I term it: appropriate distance. By this I mean a functional parameter on idealized closeness. Obviously, many intimacies are both inherent and desirable. When we marry we are socially granted and personally choose many new dimensions of closeness; but what are the proper limits on such intimacy? Just how close should a man try to come to the woman he marries? How close can closeness be, without crossing a hidden line into dangerous degrees of self-negating intimacy?

To begin, I can see now that I have often crossed over this invisible line. I have abandoned much basic masculinity as I unwisely tried to venture further into woman's world than a man can reasonably go without significant loss of essential male elements.

Long ago I recognized in mind's eye that becoming a whole person begins with embracing inherent gender differences (traits initiated by 2 of 46 chromosomes -XY- in every male cell), but proceeds, at the same time, to becoming many other non-gender related capacities rooted in the remaining 44 chromosomes–that is, that whole person = gender-based "personhood," mainly being "somebody" who just happens, by accident of having one Y chromosome, to be of the male rather than female variety.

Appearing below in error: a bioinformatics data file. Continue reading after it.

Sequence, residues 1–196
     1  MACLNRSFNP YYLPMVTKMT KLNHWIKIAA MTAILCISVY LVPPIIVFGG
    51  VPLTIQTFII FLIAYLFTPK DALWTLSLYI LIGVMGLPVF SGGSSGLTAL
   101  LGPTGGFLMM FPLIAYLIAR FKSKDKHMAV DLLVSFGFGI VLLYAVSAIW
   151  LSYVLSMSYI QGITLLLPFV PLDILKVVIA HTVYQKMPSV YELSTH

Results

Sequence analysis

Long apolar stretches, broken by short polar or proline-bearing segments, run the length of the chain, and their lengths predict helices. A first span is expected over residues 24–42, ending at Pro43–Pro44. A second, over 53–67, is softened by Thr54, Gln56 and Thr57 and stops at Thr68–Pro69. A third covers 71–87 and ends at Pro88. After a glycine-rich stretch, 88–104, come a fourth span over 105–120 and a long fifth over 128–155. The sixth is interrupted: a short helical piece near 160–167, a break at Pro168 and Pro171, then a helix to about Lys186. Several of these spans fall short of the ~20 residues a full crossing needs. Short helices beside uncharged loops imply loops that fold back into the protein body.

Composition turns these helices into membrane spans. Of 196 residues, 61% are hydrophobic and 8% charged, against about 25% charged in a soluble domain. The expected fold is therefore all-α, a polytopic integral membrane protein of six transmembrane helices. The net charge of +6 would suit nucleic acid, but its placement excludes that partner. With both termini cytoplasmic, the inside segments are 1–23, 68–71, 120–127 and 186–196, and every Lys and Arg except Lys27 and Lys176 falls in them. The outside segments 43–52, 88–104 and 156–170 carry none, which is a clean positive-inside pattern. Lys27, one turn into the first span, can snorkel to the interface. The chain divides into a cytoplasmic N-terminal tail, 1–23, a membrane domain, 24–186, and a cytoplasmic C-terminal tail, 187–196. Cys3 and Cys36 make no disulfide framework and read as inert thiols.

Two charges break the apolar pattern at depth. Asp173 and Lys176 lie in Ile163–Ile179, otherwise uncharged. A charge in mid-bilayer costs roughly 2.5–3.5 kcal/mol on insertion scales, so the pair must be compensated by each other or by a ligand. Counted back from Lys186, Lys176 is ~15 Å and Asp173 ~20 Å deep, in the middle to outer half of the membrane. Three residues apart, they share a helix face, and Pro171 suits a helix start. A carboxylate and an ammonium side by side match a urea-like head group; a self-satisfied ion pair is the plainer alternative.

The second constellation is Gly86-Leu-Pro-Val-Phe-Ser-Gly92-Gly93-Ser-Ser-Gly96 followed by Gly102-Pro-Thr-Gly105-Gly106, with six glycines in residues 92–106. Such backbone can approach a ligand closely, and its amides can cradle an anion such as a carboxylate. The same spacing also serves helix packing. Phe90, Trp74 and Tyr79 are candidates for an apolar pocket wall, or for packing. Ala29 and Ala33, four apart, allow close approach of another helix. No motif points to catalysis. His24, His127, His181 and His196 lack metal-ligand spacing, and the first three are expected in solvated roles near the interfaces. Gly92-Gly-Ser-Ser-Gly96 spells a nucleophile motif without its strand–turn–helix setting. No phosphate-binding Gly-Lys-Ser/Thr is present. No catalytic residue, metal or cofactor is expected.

But in practice, outside my intellectual theory, I have unwittingly repressed elements of masculinity while exaggerating attention to my smaller degree of femininity as initiated by the X chromosome paralleling the Y in each of my cells. Then, to compound my error, in marriage I have tried to (at least wanted to) enter completely into woman's world–that is, to be totally close, fully intimate, with every aspect of femininity. I have wanted and tried to "share everything"–all of myself with every aspect, every feminine part of females I love.

On an even deeper level, only now beginning to appear clearly in consciousness, I have also brought a hidden-to-me agenda even more unrealistic than the first, namely, I have blindly "looked" to my wives (and women in general, beginning, I think, with my mother) for permission, support, and even blessing, for masculine aspects of myself. Dumbly, as well as blindly, I have, in effect, looked to woman to "make a man," even a "person," out of me.

How foolish, even irrational, can a man be!